Low Hanging Fruit Still Needs Cultivation By: Kellie Brungard, GPC

In grant seeking, fundraising professionals sometimes refer to low-hanging fruit as the donors who give year after year with little effort, synonymous with “easy money.” While the term is often tossed around, it can be frustrating to funders and grant professionals. Funders may have fewer requirements to increase accessibility to nonprofits or value the longevity of relationships. The funder is still striving to make an impact in the community. Grant professionals understand the nuances of grant seeking and can see the industry landscape increase in competitiveness as more organizations apply for funding and foundations give conservatively in response to volatile markets. Fundraising strategies that rely on these dollars without stewardship may find themselves in the midst of a drought.

Here are tips on how to take a proactive step in grant-seeking strategy:

  1. Words matter. Grant professionals understand the nuances of language and the impact that words can have. When referring to people or groups of people, the term “low-hanging fruit” can seem demeaning. Choosing to speak about funders of any level with words of respect and empowerment can set an example for teams and partners in an organization. For example, instead of “low hanging fruit,” use “long-time funder” or “funders with fewer requirements,” which also clearly conveys what is meant by the statement.
  2. Develop a donor stewardship plan for grant funders. Does your organization only connect with the funder during the application cycle each year? Consider adding interactions that can help grow the relationship beyond a check in the mail. Examples include an invitation to a social or outreach event hosted by your nonprofit, calendaring a time outside of the application process to reach out and provide an update or tell them about something new and exciting, or sending a holiday card signed by team members. Take a look at how the development team stewards individual donors as inspiration for grant funders. AGS has on-demand training if you want to learn more about building long-lasting relationships.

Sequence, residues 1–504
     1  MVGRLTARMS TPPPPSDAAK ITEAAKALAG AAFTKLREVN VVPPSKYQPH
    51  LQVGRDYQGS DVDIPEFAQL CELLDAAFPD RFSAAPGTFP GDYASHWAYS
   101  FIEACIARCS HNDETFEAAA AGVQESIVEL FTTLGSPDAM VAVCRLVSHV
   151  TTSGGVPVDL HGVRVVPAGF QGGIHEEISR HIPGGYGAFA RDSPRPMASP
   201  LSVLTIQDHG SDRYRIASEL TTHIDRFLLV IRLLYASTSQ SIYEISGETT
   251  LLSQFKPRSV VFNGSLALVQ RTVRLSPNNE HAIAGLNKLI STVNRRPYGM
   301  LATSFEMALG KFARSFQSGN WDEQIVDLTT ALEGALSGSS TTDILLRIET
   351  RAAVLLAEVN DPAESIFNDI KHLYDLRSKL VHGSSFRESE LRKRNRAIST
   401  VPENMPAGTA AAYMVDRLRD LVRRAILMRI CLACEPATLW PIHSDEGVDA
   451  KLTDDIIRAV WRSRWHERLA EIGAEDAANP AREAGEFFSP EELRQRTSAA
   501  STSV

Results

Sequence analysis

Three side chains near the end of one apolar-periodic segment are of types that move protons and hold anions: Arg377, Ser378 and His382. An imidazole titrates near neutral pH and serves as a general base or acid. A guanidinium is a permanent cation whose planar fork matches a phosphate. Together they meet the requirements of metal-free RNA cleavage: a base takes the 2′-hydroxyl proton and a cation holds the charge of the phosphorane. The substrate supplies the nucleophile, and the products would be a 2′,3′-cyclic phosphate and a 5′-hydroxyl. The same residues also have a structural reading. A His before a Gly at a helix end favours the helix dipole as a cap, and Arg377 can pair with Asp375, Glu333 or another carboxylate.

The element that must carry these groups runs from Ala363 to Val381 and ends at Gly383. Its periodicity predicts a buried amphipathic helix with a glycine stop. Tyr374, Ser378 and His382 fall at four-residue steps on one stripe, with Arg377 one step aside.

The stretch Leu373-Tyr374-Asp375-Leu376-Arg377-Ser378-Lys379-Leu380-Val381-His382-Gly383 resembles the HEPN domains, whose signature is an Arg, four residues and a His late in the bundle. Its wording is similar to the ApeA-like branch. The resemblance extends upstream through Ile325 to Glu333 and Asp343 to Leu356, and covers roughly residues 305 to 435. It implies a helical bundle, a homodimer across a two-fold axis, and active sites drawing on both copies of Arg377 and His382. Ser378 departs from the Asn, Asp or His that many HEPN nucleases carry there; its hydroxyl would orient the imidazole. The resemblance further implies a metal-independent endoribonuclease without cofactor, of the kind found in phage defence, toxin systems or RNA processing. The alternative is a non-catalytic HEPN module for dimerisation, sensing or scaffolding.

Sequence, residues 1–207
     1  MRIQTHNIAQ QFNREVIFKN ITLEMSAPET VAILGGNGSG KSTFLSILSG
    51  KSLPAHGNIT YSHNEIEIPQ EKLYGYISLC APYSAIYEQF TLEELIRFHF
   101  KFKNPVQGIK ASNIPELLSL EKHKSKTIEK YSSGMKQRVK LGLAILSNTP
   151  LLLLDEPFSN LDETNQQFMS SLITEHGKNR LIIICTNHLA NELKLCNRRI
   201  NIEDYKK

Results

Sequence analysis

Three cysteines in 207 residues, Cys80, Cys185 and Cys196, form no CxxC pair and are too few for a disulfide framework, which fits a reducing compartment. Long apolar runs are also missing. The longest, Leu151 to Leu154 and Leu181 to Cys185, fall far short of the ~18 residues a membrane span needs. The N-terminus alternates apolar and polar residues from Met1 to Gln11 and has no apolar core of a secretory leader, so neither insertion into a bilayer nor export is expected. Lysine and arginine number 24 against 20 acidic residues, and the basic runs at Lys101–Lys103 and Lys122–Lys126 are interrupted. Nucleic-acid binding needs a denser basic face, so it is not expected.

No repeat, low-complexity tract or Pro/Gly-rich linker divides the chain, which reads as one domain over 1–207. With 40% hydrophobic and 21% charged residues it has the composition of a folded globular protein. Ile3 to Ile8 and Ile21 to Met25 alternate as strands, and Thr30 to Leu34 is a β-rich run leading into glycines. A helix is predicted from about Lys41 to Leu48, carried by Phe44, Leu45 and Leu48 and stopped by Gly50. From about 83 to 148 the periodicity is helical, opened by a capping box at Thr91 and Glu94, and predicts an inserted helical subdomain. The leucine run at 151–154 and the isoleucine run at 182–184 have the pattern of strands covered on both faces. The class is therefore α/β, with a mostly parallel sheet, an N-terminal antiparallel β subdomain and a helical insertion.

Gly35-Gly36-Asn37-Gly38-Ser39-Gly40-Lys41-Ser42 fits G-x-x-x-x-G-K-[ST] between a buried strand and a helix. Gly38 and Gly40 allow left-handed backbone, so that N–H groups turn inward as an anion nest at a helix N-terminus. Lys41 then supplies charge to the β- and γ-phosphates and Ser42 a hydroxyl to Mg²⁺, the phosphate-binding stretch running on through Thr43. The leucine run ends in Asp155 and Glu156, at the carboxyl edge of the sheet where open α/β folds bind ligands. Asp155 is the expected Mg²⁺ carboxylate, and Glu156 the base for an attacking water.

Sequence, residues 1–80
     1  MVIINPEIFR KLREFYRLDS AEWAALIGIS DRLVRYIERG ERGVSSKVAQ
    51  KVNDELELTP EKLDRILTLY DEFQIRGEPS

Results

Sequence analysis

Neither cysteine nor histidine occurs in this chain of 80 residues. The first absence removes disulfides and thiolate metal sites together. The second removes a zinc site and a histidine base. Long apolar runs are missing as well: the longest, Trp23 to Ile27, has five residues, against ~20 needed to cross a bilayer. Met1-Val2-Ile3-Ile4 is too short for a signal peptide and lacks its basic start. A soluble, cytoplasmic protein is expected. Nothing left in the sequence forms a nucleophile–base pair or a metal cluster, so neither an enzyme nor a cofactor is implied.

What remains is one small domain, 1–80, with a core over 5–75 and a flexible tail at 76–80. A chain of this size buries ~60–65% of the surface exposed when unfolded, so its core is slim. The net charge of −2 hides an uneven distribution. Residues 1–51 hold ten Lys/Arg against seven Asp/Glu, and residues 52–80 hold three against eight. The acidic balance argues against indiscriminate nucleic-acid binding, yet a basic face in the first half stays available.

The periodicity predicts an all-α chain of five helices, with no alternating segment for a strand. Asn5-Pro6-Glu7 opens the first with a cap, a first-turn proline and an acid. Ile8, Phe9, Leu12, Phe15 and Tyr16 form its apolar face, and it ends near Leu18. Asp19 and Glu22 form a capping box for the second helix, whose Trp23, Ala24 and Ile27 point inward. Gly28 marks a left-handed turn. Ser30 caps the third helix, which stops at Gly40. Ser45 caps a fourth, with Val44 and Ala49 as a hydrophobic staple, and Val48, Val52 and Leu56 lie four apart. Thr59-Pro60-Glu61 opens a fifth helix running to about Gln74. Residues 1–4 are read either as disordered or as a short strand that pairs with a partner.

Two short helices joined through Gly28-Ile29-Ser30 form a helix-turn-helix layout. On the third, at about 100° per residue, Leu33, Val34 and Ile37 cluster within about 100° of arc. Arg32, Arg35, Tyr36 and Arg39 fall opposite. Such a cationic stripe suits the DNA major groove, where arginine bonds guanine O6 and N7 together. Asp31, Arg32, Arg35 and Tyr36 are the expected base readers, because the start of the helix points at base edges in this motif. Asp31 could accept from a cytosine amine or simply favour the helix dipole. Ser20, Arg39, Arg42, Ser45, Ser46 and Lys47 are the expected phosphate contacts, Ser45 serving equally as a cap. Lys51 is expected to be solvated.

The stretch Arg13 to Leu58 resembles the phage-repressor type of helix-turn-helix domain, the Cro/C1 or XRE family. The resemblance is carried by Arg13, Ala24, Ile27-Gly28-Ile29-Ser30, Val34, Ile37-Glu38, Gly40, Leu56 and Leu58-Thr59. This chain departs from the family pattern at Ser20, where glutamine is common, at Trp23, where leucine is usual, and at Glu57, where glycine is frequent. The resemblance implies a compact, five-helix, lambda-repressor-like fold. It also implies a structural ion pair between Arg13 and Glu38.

3. Align with the funder’s priorities. Before starting an application, research the funder’s priorities, requirements, and recent giving, making note of any changes or trends. Then, consider the organization’s programs and services. Identify any new programs or focus areas that might be of interest to the funder. Reach out to the funder to discuss alignment and see if this direction sparks interest. In some cases, a funder has identified they are only interested in a certain program or segment of the population. Not every strategy is appropriate for every funder; however, these steps show an organization is engaged and values relationships. It’s also simply a good grant strategy!
  4. Give content a refresh. Look at the applications submitted to the funder for the last two years. Is the content the same with a few updates to numbers served and outcome results? Organizations can fall into the habit of rinse and repeat with recurring funders. While some content remains the same, such as organization history and mission, there are many sections that can be refreshed to give an interesting new perspective. This can be done efficiently with a case statement that includes a comprehensive description covering common grant application components (e.g., goals and outcomes, sustainability plan, needs statement, and organizational accomplishments).

Every nonprofit appreciates the long-term funder and wants to preserve these relationships. Choosing to maintain strategies for good grantsmanship and using terminology that respects funders can build a positive culture within an organization. Let’s all agree to ditch the term “low-hanging fruit” and say what is truly meant ­­­– communities working together.

If you are interested in grant services, training, or federal review services, or our career opportunities,  Julie Assel, CGMS, GPC, President/CEO, will be happy to talk with you about this opportunity and provide you with a quote for grant services.

This blog post is aligned with the Grant Professional Certification Institute’s Competencies and Skills.

Competency #8: Knowledge of methods and strategies that cultivate and maintain relationships between fund-seeking and recipient organizations and funders

Skill 8.02. Identify strategies to determine funder-relation approaches that suit fund-seeking entities’ missions, cultures, and values

Skill 8.03. Identify methods of relationship cultivation, communication, recognition, and stewardship that might appeal to specific funders

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